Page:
Doncaster (, or) is a town in South Yorkshire, England, and the principal settlement of the Metropolitan Borough of Doncaster. Historically within the West Riding of Yorkshire, the town is about from Sheffield and is popularly referred to as "Donny". Doncaster has an international airport. According to the 2001 census, the urban sub-area of Doncaster had a population of 67,977. Together with Bentley and Armthorpe, it forms an urban area with a population of 127,851. According to the 2011 census, the estimated population of the Metropolitan Borough of Doncaster is 302,400.
Likely used by earlier peoples, Doncaster is built on the site of a Roman fort, which was constructed in the 1st century AD at a crossing of the River Don. The commands of Antoninus Pius and Notitia Dignitatum called this fort Danum, from which the town derives the "Don-" part of its name; "caster" (ceaster) an Old English adaptation of the Latin word Castra, meaning a military camp. The monk Nennius, in the 9th century, referred to it with the name "Caer Daun". Doncaster was home to the Roman Crispinian horse garrison. The cavalry took its name from Crispus, son of Constantine the Great. Crispus, son of the Emperor, lived at Danum (Doncaster) whilst his father lived further north at Eboracum (York).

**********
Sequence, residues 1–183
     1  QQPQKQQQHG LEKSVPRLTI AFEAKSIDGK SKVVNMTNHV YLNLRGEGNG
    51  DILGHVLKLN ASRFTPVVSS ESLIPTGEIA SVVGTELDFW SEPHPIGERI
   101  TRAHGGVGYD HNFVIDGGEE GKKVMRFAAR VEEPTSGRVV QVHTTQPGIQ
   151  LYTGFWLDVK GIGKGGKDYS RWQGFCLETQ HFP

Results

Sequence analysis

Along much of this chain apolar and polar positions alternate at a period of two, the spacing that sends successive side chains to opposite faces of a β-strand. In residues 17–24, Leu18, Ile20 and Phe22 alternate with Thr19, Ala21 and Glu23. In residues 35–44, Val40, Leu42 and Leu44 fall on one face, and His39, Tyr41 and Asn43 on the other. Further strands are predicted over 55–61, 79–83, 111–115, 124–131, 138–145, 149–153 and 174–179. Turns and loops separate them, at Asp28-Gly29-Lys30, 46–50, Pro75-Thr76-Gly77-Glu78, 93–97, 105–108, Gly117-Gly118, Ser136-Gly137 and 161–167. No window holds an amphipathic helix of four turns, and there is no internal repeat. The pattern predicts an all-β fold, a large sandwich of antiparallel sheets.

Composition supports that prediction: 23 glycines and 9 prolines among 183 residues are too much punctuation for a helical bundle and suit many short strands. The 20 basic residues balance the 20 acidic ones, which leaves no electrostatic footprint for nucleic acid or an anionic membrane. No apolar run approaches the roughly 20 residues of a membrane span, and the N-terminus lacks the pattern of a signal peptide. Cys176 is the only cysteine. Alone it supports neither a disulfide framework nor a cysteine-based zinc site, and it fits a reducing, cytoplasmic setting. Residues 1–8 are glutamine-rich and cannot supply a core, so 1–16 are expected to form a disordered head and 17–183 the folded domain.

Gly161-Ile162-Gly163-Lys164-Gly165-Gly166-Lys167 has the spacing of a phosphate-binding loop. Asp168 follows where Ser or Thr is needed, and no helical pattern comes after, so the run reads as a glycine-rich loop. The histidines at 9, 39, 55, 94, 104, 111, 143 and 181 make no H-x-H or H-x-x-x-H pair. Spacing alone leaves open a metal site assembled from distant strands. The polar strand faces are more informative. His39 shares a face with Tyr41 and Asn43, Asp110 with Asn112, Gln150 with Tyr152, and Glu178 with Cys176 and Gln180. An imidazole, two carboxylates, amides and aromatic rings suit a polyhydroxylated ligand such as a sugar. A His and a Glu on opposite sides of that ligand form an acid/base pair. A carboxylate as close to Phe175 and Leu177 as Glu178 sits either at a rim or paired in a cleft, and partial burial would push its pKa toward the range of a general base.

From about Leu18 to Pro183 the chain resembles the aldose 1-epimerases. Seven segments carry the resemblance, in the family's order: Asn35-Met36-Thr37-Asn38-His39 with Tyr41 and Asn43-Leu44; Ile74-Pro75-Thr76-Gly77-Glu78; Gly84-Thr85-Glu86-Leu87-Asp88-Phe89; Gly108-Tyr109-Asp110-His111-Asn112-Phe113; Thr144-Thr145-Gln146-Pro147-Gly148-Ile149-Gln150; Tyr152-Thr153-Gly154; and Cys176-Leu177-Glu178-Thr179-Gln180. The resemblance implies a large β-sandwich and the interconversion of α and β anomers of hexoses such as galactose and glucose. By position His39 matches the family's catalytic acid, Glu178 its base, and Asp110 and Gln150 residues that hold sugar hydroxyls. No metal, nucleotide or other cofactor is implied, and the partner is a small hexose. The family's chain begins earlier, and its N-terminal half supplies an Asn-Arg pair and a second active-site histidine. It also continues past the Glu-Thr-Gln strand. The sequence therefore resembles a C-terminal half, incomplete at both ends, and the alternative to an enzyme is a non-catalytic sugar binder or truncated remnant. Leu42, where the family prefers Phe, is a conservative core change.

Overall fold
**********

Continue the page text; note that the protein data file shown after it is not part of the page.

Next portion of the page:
The Doncaster garrison units are named in the Notitia Dignitatum or Register of Dignitaries, produced around the turn of the 5th century near the end of Roman rule in Britain. This important administrative document contains the name of almost every military unit in the Roman Empire, as well as the names of their respective garrison towns. The garrison unit was originally recruited from among the tribes living near the town of Crispiana in Upper Pannonia, near Zirc in the Bakony region of western Hungary. The inclusion of Doncaster in the register demonstrates the importance which the Romans assigned to the town. The Doncaster entry is listed under the command of the Dux Britanniarum or the 'Duke of the Britons'. Doncaster provided an alternative direct land route between Lincoln and York. The main route between Lincoln and York was Ermine Street, which required parties to break into smaller units to cross the Humber Estuary in boats. As this was not always practical, the Romans considered Doncaster to be an important staging post.
The Roman road through Doncaster appears on two routes recorded in the Antonine Itinerary. The itinerary include the same section of road between Lincoln and York, and list three stations along the route between these two coloniae. Iter VII and Iter VIII is entitled "the route from York to London". The section below shows distances from Iter VIII.